Social Media Becomes Reality on "The Circle"
Combining strategy, dramatic storytelling and a total lack of mid-episode commercials, "The Circle" is one of the most exciting reality shows of the moment. Contributing writer Brianne LaBare '25 gives her advice on whether to give it a watch or a miss.
Reality television took the early 2000s by storm as shows like “Big Brother,” “American Idol” and “Keeping Up with the Kardashians” flooded networks with countless hours of unscripted entertainment. While these shows live on through their die-hard fandoms, a new type of reality television has emerged on Netflix, specifically through the hit show “The Circle.”
The premise of the show relies on all contestants being isolated from one another in separate apartments — not a far stretch from what we’ve experienced in the past year and a half — and only able to communicate with other contestants through a group messaging system unique to the show called “The Circle.” Much like the talk-to-text feature on every smartphone device, a computer program transcribes the messages for the chat.
Unlike other reality shows, where the authenticity comes from individuals acting, well, authentically, “The Circle” gives its contestants the choice to either “catfish” — create fake profiles to compete with — or play as themselves. Once each contestant has created their digital profile, the group gets to know one another, as authentically or unauthentically as they want. Randomly throughout an episode, the competitors independently rank each other — the one with the highest accumulated ranking gets crowned the “Influencer” of “The Circle.” Influencers get the opportunity to “block” one contestant, eliminating them from the game. Occasionally, the contestants will go head to head in curated digital games that both stimulate suspicions and strengthen alliances. Of course, this is all in the hopes of winning the $100,000 prize, awarded to the contestant who is ranked the Influencer in the last ranking of the season.
“The Circle” combines the strategic nature of “Survivor” with the drama of “Desperate Housewives.” All the while, both the show’s participants and viewers cozy up on the couch or bed to watch the mayhem unfold on their respective screens.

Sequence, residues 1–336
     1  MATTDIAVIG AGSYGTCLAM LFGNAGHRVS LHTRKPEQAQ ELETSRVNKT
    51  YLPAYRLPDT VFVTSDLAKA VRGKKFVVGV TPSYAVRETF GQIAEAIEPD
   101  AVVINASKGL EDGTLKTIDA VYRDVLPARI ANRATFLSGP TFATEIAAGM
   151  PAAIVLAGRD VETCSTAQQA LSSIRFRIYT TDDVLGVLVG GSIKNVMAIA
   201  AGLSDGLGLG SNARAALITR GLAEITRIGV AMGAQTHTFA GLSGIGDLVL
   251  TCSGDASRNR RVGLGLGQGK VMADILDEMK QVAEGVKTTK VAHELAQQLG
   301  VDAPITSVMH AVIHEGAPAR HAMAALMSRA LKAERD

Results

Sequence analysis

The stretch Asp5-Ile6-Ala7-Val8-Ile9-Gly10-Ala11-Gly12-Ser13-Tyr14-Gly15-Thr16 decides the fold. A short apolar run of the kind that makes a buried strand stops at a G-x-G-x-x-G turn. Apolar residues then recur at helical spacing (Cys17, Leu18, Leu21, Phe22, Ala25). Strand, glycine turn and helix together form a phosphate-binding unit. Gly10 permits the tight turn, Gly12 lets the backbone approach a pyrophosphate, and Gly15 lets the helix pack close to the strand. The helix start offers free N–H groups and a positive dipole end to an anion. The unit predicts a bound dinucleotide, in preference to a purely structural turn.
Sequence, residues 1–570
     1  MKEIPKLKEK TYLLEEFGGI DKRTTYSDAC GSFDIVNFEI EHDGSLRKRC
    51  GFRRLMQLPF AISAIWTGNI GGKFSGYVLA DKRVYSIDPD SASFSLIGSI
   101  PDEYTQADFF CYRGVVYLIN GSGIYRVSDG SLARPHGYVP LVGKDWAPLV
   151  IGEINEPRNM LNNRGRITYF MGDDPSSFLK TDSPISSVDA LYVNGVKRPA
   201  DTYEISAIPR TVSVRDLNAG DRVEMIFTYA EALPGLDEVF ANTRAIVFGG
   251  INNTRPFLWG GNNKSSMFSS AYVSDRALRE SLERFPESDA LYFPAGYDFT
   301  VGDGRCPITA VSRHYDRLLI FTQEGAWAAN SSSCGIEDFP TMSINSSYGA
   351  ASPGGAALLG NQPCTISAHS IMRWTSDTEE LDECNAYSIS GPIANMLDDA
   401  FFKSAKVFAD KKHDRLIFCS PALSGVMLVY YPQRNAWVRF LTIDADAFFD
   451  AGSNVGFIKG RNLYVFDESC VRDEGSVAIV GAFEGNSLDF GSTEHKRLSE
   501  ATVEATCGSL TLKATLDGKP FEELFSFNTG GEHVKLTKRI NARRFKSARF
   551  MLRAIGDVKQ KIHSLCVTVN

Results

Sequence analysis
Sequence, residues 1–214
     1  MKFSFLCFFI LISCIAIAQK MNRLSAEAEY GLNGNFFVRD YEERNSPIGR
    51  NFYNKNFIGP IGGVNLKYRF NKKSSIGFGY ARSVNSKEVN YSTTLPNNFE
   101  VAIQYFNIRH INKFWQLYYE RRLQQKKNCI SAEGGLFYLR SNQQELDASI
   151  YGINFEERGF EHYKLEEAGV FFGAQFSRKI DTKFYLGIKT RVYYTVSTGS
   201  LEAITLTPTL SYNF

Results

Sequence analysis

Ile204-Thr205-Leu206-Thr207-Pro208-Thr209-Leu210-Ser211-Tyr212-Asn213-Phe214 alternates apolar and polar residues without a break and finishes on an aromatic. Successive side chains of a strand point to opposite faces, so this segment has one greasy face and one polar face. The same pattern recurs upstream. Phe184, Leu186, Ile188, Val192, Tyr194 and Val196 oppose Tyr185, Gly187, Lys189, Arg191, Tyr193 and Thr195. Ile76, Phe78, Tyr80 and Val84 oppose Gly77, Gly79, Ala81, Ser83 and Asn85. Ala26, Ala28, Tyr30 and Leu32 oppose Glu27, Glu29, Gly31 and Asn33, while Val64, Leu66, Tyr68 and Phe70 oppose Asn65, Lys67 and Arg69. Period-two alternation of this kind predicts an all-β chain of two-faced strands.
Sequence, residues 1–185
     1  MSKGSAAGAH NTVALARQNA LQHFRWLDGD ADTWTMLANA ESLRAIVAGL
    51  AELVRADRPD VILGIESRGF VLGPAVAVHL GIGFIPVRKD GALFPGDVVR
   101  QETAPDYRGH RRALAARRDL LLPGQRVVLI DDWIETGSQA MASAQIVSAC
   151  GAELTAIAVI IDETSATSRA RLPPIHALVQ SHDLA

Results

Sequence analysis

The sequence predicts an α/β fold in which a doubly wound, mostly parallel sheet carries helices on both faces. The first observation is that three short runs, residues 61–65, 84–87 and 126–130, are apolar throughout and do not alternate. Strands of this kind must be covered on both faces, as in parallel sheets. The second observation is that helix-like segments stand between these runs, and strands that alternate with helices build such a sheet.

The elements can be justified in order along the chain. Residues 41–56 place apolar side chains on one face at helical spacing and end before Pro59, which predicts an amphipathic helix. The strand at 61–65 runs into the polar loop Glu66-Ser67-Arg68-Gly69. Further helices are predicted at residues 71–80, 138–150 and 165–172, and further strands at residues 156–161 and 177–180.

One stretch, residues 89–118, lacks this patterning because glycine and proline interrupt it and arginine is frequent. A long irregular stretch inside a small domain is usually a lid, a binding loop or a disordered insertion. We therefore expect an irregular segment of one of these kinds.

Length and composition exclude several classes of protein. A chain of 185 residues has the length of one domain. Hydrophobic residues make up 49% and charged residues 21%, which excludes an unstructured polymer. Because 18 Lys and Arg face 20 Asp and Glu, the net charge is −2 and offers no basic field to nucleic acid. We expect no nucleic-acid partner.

The show launched in January 2020 with an 81 percent on Rotten Tomatoes and an audience score of 70 percent. This bodes exceptionally well for the kickstarter project whose reality show counterparts on Netflix have not received the same ranking. Such as the Netflix original “Love Is Blind” which saw a 68 percent Rotten Tomatoes rating as well as “Too Hot To Handle” which scored an audience rating of 32 percent. The show’s explosive growth has accelerated further since a number of micro-celebrities, like Chloe Veitch from Netflix’s “Too Hot To Handle” have made guest appearances. The show has even managed to draw global pop sensations such as NSYNC’s Lance Bass into the competition — or at least his personal assistant posing as him.
What has set “The Circle” apart from the flurry of other reality television shows airing today is its organic flow. Netflix’s no-commercial policy allows the show to keep its momentum going. Without disruptive ads, the show’s gravity actually gets a chance to build rather than waiting between commercial breaks, after yet another cliche cliffhanger.
In theory, a lack of commercials should offset the production value of a television show. But in Netflix’s case, the striking production quality of their shows has thrived on this anti-advertisement format.
“The Circle’s” brilliant storytelling promises to not only launch the unscripted category as one of Netflix’s most successful genres — it also allows the platform to receive a major boost in marketing as viewers come back week after week to watch the newly released episodes. The establishment of this cyclical pattern, with episodes being released in clusters over several weeks, puts several of Netflix's reality shows on the trending page on Twitter, as well as keeping ratings up. Old viewers return, and new ones emerge through the storms of hype that erupt each week.
While the excitement around “The Circle” and its sister shows on Netflix continue to thrive among the regularly scheduled and varied media Netflix produces, the question arises as to whether or not Netflix will be able to amass the success of reality franchises in the broadcast realm. So far, the answer to this question remains to be seen, but for now “The Circle” and shows like it have helped establish Netflix in the reality television genre and catapult the streaming service to new heights of viewership.